Apparently an imperial pint of Champagne was once Britain’s most popular champagne bottle size - and the size favoured in all prominent London establishments.
Winston Churchill, an enthusiast for imperial pints of champagne and more specifically for imperial pints of Pol Roger champagne, popularised the bottle size in the UK.
He believed pint bottles held just the right amount - “enough for two at lunch and one at dinner”. He was known to keep an imperial pint of Pol Roger inside his greatcoat pocket during visits to blitz hit London.
Current EU regulation prohibits the imperial pint with legislation specifying the format and size of sparkling wine bottles sold in the UK – 37.5cl for half bottles, with full bottles at 75cl the next available size. The imperial pint, with a capacity of 56.8cl, would sit between the half bottle and bottle at a size considered by many as ideal for sharing.
Simon Berry, chairman of Britain’s oldest wine merchant, Berry Bros. & Rudd has long been petitioning for the return of his favourite bottle size.
Berry said: “I’ve been campaigning to bring back the imperial pint for over thirty years and until recently I was no closer to winning this battle - but perhaps recent events will change that.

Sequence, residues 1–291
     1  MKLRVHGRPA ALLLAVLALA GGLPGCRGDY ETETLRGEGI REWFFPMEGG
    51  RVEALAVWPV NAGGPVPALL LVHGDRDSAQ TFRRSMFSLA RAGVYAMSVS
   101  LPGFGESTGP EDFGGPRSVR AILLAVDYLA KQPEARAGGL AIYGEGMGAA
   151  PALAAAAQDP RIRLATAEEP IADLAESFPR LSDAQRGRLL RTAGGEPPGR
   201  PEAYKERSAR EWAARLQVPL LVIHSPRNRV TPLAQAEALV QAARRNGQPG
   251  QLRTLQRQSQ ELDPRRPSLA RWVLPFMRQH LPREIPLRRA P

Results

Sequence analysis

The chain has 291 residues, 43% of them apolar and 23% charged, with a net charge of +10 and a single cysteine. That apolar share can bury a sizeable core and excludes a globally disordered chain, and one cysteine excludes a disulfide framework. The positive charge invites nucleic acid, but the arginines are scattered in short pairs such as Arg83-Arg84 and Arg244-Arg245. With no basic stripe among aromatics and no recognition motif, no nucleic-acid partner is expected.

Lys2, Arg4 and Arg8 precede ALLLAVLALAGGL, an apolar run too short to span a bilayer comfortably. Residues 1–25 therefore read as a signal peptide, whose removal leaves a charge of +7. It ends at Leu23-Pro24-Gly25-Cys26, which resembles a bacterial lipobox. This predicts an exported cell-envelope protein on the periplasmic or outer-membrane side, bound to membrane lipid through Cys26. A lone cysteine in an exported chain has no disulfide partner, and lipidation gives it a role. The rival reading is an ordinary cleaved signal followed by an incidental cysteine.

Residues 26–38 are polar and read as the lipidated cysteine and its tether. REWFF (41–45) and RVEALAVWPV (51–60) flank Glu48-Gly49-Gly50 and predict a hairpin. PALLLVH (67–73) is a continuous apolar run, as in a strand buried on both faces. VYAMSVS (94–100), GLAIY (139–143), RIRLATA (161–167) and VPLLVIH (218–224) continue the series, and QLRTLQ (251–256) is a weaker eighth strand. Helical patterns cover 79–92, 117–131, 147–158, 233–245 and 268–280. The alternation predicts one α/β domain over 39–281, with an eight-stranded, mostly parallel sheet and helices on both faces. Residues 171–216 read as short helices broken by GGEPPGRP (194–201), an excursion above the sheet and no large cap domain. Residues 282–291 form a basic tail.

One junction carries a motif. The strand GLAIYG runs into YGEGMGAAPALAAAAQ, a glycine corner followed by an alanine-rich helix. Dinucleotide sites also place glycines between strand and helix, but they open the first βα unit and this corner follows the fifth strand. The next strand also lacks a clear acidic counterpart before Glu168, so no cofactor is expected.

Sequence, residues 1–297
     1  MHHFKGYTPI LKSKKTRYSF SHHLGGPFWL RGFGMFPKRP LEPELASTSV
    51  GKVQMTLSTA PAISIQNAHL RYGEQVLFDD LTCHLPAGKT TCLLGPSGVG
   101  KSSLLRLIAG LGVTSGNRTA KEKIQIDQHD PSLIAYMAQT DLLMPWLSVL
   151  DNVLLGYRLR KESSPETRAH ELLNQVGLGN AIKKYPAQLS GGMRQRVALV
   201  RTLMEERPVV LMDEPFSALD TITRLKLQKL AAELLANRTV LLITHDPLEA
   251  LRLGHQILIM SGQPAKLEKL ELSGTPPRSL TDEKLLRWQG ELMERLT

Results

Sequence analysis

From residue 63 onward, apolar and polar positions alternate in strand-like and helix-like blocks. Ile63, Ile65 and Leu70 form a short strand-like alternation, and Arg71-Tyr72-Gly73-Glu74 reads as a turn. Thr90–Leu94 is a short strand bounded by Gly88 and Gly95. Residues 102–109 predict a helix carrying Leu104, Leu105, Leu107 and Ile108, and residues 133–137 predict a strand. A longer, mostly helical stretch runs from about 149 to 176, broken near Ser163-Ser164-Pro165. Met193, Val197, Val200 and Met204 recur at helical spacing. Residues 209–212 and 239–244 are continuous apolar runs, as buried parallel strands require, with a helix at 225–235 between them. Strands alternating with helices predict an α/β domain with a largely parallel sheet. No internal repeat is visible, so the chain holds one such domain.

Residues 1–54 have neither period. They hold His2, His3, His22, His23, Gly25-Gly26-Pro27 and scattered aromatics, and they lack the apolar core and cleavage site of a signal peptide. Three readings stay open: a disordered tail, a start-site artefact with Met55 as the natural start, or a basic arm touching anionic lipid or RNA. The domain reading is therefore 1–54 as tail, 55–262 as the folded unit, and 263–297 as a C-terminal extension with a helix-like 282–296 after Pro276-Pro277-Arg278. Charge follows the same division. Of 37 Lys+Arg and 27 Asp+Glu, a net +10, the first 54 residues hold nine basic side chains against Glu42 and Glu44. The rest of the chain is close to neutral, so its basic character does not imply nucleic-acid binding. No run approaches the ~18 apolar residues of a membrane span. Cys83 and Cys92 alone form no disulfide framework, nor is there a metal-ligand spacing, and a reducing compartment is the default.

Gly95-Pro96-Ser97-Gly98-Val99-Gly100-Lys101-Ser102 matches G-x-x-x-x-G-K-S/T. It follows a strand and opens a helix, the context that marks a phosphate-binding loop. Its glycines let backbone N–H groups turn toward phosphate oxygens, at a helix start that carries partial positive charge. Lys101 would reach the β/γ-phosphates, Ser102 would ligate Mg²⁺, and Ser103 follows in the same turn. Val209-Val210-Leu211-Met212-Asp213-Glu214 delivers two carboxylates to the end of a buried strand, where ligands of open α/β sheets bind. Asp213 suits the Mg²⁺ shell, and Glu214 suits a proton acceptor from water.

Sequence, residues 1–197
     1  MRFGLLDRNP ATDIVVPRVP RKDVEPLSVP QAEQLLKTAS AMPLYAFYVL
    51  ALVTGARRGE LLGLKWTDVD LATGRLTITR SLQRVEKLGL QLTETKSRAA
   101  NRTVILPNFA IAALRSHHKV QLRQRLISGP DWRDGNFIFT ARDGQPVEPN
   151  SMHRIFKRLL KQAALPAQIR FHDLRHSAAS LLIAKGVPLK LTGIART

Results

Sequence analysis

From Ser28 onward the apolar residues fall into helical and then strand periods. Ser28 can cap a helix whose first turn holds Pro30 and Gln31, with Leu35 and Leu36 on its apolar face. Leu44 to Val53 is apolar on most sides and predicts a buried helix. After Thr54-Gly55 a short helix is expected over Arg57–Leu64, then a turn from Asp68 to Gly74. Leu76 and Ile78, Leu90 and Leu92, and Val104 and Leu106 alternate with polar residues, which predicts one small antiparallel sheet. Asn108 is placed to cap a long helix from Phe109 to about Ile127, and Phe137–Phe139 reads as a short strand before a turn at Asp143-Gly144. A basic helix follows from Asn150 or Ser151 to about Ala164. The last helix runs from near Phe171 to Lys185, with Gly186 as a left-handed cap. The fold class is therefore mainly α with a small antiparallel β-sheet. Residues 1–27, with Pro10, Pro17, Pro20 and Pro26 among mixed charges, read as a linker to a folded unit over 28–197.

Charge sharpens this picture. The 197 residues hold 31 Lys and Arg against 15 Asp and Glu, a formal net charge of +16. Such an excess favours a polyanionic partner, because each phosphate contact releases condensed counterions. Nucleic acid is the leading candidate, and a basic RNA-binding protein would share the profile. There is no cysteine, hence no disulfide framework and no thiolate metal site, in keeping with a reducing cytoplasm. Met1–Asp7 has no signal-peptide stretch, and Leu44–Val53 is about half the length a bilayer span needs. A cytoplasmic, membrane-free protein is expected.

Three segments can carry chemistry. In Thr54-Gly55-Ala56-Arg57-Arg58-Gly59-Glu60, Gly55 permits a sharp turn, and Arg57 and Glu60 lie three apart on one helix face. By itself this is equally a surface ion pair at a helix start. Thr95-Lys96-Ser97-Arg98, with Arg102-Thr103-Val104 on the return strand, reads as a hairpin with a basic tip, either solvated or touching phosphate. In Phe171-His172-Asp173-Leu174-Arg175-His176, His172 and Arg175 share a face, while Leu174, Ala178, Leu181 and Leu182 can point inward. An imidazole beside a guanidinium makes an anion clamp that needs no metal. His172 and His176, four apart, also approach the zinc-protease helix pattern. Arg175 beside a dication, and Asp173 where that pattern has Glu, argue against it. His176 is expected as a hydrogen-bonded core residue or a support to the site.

“The imperial pint makes for a perfect-sized bottle. You get four proper-sized glasses from it - as opposed to six from a bottle, or three from a half-bottle. Champagne is designed to be shared, ideally with one other person. The imperial pint gives two drinkers a couple of glasses each when a half-bottle would seem mean and a bottle lavish.”
Pol Roger, one of Britain’s favourite Champagne houses and the brand served at Prince William and Kate Middleton’s wedding reception, has already started discussions with its glass supplier.
James Simpson, managing director of the Pol Roger subsidiary in the UK and advocate of the imperial pint, visited BB&R yesterday (August 10) with an imperial pint of Pol Roger 1914 vintage champagne.
Simpson said: “Brexit has raised a number of concerns and questions within the drinks industry, but regarding the revival of the imperial pint, we could have an opportunity.
“Though even assuming we would be able to restart production of the imperial pint, the nature of bottle ageing champagne means it would still be a number of years before we would start seeing Pol Roger in imperial pints again.
“The first production would not come on to the market for approximately four years for non-vintage champagne and it would be eight years for vintage champagne,” said Simpson.
In 1992, Veuve Cliquot attempted to introduce a new bottle size – 50cl. Not the imperial pint, but at only 7cl smaller, close enough. The five years spent procuring the bottles, filling them, maturing the wine and then launching them, meant that by the time the bottles were ready for sale, the EU had already prohibited them in the UK.
The final vintage of Pol Roger champagne to be bottled in imperial pints was 1973.
Picture: Simon Berry discusees pints with James Simpson